Usain Bolt joins the list of sportstars avoiding the UK's stringent tax rules.

The top international sprinter has decided to pull out of London's Diamond League meeting next month, blaming the UK’s strict tax regime.

Following HMRC's victory in a case against tennis player Andrew Agassi, our tax rules ensure that non-resident stars like Bolt are taxed not only earnings earned at events held in the UK, but also on a proportion of their personal endorsements throughout the year. 

The move has prompted Athletics UK to say that Britain needs to change its tax laws.

Atheletics UK’s annoyance is unsurprising as the law is not applied evenly: both the Football Champions League and the London 2012 Olympics have secured an exemption. However, as the rules only appear to deter a handful of sportstars, there was a full turn out at last weekend's British Grand Prix. Golfer Tiger Woods seem unconcerned about tax and is here to start the Open, but fellow golfer Sergio Garcia (who is also here for the Open) has avoided playing in other competitions in the UK for nearly ten years according to the PGA.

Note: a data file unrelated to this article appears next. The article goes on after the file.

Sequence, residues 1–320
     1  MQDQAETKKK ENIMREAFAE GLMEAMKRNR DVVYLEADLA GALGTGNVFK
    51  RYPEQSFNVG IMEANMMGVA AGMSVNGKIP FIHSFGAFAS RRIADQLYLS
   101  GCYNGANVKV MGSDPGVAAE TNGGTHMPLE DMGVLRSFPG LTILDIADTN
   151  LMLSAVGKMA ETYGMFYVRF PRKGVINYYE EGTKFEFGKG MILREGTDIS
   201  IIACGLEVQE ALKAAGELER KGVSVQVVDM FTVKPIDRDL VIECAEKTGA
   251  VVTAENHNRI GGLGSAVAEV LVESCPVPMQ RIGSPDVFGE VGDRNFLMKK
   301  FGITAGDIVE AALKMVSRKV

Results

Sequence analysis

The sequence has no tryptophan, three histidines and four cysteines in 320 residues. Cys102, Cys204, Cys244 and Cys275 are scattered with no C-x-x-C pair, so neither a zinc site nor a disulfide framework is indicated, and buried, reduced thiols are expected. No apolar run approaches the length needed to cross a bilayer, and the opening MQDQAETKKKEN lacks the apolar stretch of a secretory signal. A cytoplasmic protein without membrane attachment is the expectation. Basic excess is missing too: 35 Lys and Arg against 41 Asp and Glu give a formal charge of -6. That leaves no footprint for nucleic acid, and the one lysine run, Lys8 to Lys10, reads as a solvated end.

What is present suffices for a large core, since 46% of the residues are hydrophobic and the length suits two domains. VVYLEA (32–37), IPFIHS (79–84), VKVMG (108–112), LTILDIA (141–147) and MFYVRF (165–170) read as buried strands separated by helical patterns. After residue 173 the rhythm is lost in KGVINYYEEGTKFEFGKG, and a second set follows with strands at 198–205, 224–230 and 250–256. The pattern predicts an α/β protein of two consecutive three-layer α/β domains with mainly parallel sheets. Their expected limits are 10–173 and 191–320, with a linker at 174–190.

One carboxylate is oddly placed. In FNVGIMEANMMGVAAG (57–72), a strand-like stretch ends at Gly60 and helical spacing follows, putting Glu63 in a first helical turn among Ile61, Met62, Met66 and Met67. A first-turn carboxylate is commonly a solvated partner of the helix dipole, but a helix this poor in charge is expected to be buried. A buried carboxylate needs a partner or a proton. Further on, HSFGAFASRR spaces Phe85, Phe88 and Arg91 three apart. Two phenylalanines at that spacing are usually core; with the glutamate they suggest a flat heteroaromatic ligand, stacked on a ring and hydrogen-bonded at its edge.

It seems that tax is not enough to prevent most top starts from competing in this country; if the event is prestigious enough. There may of course, be more to Bolt’s decision that just tax.

Sports minister Hugh Robertson has already said that he will take up the issue and so we could so a review of the rules and exemptions.